CHAPEL HILL -- In a game that spawned the term "slobber knocker," is there a limit to the amount of impact a football player's head can handle before the player suffers a concussion"
The answer is yes ... and no, say researchers at the University of North Carolina at Chapel Hill. High-tech helmets worn by some University of North Carolina football players over the 2004 to 2006 seasons yielded new data that challenges conventional theories about these mild traumatic brain injuries.
The UNC study, in the December issue of Neurosurgery, shows that hits, and heads, are as individual as the players themselves, and researchers advise against establishing a one-size-fits-all rule for evaluating concussions.
"People see massive hits and think, 'that's the one!' and ignore more trivial blows," said Kevin Guskiewicz, Ph.D., senior author on the papers and chair of the department of exercise and sport science in UNC's College of Arts & Sciences. "Now we know that these trivial hits may be just as serious as the harder ones."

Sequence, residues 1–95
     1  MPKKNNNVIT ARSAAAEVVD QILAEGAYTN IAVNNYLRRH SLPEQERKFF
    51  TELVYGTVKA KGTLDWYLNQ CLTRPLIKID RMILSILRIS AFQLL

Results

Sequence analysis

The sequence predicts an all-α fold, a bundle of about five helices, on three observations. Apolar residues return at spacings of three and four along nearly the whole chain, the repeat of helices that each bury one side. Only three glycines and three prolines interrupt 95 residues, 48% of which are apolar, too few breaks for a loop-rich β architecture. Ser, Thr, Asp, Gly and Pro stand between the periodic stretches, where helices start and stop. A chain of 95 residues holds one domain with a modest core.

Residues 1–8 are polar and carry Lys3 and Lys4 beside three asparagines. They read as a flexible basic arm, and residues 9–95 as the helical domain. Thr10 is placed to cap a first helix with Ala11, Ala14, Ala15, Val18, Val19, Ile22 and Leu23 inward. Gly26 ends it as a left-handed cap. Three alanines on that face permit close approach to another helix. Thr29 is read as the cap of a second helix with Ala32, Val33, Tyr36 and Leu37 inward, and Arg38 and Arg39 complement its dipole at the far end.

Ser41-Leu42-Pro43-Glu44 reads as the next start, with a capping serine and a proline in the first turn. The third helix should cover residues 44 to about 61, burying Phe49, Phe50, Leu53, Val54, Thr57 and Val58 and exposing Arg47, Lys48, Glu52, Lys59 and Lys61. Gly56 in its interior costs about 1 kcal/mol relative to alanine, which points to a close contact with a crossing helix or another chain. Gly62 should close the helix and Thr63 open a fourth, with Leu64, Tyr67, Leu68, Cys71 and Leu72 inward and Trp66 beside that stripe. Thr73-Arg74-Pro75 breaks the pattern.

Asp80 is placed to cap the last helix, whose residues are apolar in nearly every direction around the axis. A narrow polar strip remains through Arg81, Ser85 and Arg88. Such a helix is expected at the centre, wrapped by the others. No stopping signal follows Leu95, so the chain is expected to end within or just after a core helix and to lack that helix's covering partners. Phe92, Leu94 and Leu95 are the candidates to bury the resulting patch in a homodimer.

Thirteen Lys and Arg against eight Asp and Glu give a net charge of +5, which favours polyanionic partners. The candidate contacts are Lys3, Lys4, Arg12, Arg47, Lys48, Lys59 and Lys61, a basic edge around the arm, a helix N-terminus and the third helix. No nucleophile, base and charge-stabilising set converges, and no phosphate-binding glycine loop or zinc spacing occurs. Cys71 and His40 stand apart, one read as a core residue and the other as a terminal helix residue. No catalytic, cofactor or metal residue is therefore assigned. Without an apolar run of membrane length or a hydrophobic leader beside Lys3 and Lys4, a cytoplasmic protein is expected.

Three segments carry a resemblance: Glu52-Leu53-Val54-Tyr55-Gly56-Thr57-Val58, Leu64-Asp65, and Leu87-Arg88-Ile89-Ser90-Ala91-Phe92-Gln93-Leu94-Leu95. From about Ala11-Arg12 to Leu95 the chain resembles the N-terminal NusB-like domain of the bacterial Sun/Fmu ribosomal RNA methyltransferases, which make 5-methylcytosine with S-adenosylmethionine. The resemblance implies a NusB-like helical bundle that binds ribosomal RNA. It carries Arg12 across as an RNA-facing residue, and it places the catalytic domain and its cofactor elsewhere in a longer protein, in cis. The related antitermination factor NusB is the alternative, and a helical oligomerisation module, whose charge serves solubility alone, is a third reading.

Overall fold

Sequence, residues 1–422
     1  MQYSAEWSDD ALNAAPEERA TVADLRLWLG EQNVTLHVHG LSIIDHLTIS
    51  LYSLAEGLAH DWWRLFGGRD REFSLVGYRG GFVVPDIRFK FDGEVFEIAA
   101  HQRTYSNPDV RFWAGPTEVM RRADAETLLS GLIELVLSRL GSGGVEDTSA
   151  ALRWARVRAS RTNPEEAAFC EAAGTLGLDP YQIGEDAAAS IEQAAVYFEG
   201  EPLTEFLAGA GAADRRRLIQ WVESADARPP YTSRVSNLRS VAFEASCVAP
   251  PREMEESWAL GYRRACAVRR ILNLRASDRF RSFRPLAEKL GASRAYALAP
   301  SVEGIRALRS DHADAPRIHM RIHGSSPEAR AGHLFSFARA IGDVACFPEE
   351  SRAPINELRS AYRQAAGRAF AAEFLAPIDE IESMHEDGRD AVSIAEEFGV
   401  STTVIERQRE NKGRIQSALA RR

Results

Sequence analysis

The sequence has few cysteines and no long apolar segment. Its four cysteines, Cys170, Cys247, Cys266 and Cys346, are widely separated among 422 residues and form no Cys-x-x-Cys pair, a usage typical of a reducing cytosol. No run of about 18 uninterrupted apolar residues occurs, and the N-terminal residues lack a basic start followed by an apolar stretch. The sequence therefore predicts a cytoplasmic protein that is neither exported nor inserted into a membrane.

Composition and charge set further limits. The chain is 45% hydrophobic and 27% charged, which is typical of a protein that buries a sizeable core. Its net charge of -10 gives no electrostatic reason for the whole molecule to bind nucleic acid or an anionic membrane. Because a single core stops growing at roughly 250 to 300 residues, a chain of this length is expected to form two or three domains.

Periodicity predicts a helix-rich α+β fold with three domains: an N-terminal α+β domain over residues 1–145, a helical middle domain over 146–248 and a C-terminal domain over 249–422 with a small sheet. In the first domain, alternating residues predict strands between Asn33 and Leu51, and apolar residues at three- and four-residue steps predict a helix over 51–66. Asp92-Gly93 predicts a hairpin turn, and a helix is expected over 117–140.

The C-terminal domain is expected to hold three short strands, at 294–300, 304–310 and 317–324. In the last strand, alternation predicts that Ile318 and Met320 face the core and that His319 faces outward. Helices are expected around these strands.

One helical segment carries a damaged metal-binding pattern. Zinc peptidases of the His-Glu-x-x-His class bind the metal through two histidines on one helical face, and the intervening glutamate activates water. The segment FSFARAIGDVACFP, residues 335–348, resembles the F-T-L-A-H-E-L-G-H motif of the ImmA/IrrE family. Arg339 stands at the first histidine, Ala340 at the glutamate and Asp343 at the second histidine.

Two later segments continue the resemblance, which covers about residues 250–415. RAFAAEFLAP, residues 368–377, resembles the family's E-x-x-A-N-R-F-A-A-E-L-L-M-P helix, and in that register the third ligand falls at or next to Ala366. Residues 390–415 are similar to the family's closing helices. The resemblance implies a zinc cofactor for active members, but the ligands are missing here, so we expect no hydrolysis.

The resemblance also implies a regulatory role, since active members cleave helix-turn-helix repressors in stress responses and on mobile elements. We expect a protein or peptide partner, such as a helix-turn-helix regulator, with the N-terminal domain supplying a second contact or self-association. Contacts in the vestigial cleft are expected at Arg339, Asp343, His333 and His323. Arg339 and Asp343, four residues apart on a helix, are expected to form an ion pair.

This new information could lead to better guidelines for evaluating head injuries and deciding a player's playing status, Guskiewicz said. It might also lead to a better understanding of brain injuries from other trauma, or perhaps of diseases such as mild cognitive impairment and Alzheimer's which have been linked to recurrent concussion in professional players.
Using special accelerometers embedded in helmets, researchers were able to measure in real time the amount of g-force players' heads experienced at impact, where on the head the players were hit and the directional force of the hits -- linear (straight) or rotational (twisted). The system is called HITS, or Head Impact Telemetry System.
G-force, a measure of acceleration against the earth's gravitational pull, is most often associated with fighter jets or roller coasters. In those scenarios, the body takes a maximum of about 4.5g, or four
|Contact: Clinton Colmenares|
University of North Carolina at Chapel Hill